Recently, I enjoyed a visit with a parishioner, and with great delight he asked, "What are our activities at church for the rest of the year?" He was eagerly anticipating any occasion to have fellowship with us, and that was wonderful, yet humbling to hear.
We gather every Sunday and worship together. I believe that creates a special bond of intimacy like no other. As we humbly approach God's altar so we understand a common humanity with one another as all of us are greatly in need of God's grace. Also, in God's eyes we are all equally loved and precious. Another parishioner has shared that he looks forward to coming to church each Sunday. It is one of the highlights of his week.
I wonder at times, though, if we take each other for granted. Attendance on Sundays is fairly steady, and usually the same folks are present each week. Yet for some, church attendance is optional. They have so many relationships pulling them in different directions that a Sunday gathering is yet another event to draw their attention and energy. We should be concerned if the church is yet another Facebook friend and not having greater relevance in our lives.
I recall as a lay person feeling similar sentiments as the folks I have mentioned. I have some prayer time in store for me to transition from our fellowship and worship as "work" to being an invigorating restorative time of renewal. That is a challenge for all clergy......and maybe some laity!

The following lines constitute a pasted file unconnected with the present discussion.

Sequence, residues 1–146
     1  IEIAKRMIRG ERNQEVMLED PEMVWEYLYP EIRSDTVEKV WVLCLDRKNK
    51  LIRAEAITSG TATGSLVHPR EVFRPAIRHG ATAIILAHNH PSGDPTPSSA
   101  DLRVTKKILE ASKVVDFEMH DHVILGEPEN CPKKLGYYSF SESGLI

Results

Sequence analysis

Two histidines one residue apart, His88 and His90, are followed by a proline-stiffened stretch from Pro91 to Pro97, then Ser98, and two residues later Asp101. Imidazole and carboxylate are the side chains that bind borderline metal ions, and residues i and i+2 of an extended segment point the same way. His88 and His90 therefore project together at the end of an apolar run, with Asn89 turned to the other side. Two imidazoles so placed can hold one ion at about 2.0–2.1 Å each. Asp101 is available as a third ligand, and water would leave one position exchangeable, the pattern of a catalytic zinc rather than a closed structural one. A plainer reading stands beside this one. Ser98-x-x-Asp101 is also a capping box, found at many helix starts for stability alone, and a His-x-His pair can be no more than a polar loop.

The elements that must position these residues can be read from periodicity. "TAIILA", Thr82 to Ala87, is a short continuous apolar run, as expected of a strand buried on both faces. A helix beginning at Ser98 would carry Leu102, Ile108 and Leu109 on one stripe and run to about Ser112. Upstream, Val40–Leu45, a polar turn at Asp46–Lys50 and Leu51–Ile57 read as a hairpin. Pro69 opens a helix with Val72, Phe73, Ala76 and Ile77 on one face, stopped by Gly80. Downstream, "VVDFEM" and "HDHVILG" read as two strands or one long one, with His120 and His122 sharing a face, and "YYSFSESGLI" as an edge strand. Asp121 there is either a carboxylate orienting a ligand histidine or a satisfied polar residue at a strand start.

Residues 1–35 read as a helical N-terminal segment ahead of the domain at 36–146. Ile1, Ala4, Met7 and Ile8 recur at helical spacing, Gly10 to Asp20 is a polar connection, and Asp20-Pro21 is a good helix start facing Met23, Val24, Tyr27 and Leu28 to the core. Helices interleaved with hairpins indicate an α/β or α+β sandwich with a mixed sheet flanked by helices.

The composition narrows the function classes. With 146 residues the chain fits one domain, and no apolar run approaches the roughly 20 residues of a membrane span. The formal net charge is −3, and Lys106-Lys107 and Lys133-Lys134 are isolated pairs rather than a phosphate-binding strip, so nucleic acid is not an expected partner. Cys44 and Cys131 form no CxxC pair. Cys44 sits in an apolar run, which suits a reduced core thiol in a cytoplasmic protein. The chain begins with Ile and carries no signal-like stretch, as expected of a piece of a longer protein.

With September we return to our regular schedule of a late service at 10:30 am on September 10. Adult Christian Education, choir rehearsals, youth group meetings, and other activities are resurrected. We have some new and exciting events planned each month for the rest of the year.
Join us for the fun as we begin another cycle in our church life. It really is fun....and much, much more!
Forward Movement, a ministry of the Episcopal Church, grew out of the determination of the General Convention in 1934 to counter a period of anxiety, distrust, and decline in the Episcopal Church with a "forward movement" charged to "reinvigorate the life of the church and to rehabilitate its general, diocesan, and parochial work." Daily meditation is available online by clicking HERE.
The Adult Sunday School Class is my "Think Tank" for our parish. They are a diverse and well-informed group. I can run ideas by them and receive very candid and thoughtful responses.
For some time we contemplated the concept of attracting millennials to our parish. We read various books and articles to guide us, and all seemed to say that we needed to change our personalities, values, and perspectives in order to attract them. Our conclusion? If you have to change to be attractive to someone, then you're not doing anyone any favors.
So why has the millennial generation seemed to disappear from the mainline churches? Some have been attracted to the mega churches with high tech audio-visual tools to garner their attention. Others, though, seem to be finding community in places other than the churches in which they were raised. They find instructive authority elsewhere, too.
Here is a point for meditation: The advent of the internet came during the formative years of the millennial generation. Has the internet somehow taken the place of the church? RSC+